• Amie (Jan) van Wyk pleads for the appreciation of the ecclesiological contribution of the late Prof. Willie Snyman. Although Snyman was not an active publisher and while criticism can be brought against his views at some points, his contribution on synodical level makes him one of the most influential theologians, and especially ecclesiologians in the Reformed Churches in Southern Africa (RCSA) during the 20th century. It was because of the insights of Snyman that the first multi-racial General Synod of the RCSA met in 1965. This Synod met in its initial form up to 1992 but was revived in 2009 as major assembly with full status according to the Church Polity of the RCSA representing the inter-racial Reformed Churches. Furthermore, it was on his initiative that the intermediate commission of the three Afrikaans churches started communicating. He also stimulated the origin of the Reformed Ecumenical Synod (RES – later called Council) in 1946, because he was convinced that the unity of Reformed churches cannot be bordered by oceans.
    • The Reformed Churches in South Africa held its first full status General Synod in 2009 where black and white people came together in one synod. Chaka Mathundela investigates how the churches are doing since that historical event as far as unity and reconciliation are concerned. Whilst he admits that one can’t expect perfect unity in this short time, he demonstrates that despite linguistic, cultural, economic and political differences, unity is attained. Where problems do arise, it should be solved through communication and deliberation.

  2. Articles related to the history and future of reformed mission

    • Flip (Phillippus) Buys investigates the Reformed roots of the term ‘missio Dei’. He argues that taking the covenant of redemption as the point of departure may provide a solid foundation for a biblical theological understanding and the use of ‘missio Dei’ in reformed theology. Such an approach will, on the one hand, grasp and hold onto the valuable aspects of reformed inheritance of previous centuries, and on the other hand, ensure the equipping of ministers of churches with a passion to preserve and multiply the church.
    • Whilst the Reformed Churches in South Africa can gratefully look back over the past 150 years, Naas (Ignatius) Ferreira raises concern about developments during the past 25 years. The same reduction in numbers that degraded the Christian church within the Western culture to a post-Christendom reality has also been identified in the RCSA. He argues that the RCSA will have to reform missiologically in order to face the new post-Christendom reality of our globalising world.
    • One of the key slogans of the Reformation is ‘ecclesia reformata semper reformanda’. The constant reformation and renewal of the church are key factors in the longevity of the church in changing contexts. Johannes Wessels argues that an approach where the adherence to the inspiration of the Canon is combined with Revivalism can form a strong and lasting impact amongst all nations. He assesses previous and current views on Revivalism as a phenomenon within Evangelical reformation and Pentecostalism, as well as methods to improve the availability of the Bible as the Word of God to all.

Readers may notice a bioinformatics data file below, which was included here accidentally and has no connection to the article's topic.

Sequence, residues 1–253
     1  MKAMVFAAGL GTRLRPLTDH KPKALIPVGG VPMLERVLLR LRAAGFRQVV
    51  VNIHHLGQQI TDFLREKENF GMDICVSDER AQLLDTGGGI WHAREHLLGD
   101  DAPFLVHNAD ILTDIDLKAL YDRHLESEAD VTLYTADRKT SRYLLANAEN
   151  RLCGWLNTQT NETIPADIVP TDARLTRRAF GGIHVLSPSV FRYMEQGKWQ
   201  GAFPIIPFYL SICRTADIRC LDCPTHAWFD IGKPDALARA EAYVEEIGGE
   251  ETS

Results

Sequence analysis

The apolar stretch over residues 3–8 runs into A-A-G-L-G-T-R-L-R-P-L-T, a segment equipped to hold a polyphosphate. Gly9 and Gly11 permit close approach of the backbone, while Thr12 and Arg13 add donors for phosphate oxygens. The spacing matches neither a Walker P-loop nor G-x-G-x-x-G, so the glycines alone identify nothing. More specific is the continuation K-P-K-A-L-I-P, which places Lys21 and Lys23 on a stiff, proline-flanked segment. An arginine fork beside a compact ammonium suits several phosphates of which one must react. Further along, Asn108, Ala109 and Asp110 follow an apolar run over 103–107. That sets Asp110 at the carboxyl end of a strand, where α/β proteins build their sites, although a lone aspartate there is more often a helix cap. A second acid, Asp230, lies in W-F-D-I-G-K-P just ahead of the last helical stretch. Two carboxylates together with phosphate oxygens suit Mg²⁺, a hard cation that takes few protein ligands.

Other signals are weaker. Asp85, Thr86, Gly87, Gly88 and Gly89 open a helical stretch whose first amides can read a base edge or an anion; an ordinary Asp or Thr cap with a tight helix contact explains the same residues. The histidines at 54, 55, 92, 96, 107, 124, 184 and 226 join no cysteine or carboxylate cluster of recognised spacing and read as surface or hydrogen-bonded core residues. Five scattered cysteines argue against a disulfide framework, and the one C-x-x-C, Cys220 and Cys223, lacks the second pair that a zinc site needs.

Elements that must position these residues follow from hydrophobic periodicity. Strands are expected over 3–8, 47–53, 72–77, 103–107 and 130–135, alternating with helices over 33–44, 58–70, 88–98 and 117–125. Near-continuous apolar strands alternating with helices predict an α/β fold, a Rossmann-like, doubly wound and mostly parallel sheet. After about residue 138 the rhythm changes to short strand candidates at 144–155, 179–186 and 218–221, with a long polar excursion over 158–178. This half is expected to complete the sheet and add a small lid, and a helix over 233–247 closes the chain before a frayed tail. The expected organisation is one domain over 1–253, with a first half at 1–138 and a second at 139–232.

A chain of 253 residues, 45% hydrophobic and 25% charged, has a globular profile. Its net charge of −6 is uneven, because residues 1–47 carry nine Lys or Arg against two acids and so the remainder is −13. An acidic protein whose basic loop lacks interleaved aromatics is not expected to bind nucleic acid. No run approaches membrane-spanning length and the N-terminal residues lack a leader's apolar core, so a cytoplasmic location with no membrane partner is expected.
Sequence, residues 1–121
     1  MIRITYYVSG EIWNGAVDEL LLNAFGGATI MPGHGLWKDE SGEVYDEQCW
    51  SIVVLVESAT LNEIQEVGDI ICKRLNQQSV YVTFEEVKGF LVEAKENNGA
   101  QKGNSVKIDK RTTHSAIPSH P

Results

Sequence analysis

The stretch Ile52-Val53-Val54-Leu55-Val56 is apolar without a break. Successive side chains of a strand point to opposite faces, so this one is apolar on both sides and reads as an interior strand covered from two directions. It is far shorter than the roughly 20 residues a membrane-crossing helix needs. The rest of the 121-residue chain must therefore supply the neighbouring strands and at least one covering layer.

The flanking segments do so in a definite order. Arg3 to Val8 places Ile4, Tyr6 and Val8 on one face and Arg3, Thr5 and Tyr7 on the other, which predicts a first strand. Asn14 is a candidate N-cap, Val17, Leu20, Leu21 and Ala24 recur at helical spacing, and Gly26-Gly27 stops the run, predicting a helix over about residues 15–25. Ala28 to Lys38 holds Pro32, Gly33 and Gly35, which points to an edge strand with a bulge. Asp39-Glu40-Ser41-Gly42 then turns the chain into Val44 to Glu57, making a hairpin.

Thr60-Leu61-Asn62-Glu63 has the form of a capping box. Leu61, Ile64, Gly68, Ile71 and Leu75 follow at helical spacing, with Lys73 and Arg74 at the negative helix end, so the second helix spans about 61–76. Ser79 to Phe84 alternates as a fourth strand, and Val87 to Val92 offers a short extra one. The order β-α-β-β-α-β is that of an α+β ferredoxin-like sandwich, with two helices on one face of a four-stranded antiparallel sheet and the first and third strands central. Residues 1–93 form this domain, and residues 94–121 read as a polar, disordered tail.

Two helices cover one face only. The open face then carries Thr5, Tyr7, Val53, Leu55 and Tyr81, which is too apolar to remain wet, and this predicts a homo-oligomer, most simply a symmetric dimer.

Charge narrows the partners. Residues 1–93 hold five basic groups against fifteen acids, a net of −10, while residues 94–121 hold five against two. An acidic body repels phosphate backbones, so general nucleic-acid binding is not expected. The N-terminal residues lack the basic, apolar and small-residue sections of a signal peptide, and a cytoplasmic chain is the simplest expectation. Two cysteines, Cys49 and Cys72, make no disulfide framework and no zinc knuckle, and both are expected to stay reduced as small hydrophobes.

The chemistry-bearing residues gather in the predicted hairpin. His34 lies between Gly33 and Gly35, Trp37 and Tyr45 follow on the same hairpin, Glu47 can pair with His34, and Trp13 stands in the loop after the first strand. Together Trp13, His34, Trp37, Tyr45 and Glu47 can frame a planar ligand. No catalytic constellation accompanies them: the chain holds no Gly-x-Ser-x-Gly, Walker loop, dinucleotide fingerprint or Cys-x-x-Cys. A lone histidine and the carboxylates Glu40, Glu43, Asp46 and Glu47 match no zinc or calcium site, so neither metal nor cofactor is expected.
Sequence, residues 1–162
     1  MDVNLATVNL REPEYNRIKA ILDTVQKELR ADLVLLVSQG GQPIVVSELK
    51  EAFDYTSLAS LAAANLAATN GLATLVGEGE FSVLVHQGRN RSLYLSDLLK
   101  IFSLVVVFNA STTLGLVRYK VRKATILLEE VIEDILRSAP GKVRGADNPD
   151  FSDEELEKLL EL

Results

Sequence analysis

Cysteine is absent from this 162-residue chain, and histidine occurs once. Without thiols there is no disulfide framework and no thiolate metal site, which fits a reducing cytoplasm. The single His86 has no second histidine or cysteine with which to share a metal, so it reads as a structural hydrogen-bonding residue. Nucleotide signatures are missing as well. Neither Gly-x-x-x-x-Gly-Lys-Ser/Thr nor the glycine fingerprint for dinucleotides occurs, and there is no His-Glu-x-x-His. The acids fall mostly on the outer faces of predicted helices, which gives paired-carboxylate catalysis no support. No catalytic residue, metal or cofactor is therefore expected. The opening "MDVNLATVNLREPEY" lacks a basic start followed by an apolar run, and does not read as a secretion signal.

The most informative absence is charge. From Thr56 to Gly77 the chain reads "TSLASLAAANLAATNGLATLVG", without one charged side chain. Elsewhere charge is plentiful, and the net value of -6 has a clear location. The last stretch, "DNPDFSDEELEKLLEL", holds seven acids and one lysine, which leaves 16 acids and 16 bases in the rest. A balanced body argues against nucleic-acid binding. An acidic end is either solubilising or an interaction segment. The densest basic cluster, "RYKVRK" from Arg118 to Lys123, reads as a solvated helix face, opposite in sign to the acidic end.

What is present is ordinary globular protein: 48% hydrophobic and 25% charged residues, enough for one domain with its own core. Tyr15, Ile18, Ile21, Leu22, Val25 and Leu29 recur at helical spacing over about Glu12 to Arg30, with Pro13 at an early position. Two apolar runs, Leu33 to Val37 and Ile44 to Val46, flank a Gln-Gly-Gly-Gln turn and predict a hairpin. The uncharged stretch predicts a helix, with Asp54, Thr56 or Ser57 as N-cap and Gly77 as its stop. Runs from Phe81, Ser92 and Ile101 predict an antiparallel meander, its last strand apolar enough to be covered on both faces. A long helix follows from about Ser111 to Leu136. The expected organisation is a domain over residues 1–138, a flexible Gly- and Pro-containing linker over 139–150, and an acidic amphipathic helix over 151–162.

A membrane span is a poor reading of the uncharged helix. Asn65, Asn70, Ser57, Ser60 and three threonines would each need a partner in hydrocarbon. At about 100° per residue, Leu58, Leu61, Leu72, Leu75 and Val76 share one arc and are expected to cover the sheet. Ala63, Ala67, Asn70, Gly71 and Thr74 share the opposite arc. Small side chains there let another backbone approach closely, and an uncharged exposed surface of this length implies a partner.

3. Articles related to reformed theology and education

    • Hannes (Johannes) van der Walt investigates the possible impact of reformed theology on education as a scientific discipline, with a special reference to the situation in South Africa (1940–). Differentiating between theology, philosophic theology and personal theology, Van der Walt tentatively concludes that whilst theology as a discipline seems to have had only an indirect impact on education as a scholarly discipline, educators seem to have taken cognisance of the impact of their own personal theology.
    • Taking into consideration the parting of ways of the theological discipline and public universities throughout Western Europe, Gijsbert van der Brink investigates the future of theology at public universities. He argues that theology can be situated in the realm of humanities, and offers a case study of how a theological faculty or department could be (re)structured in such a way that it continues to occupy a viable place within contemporary public universities.

  4. Articles related to the natural sciences and reformed theology

    • Indicating an overlap between the Reformation and the scientific revolution in terms of time, location and events that dramatically impacted world history, Frik (Frederik) van Niekerk presents an argument for a causal relationship between the two. Moreover, he argues that a mutually supportive model of interaction between science and faith in a reconciliation model best resonates with the ideas of the Reformation as well as finding authenticity in and concordance between science and views of Scripture.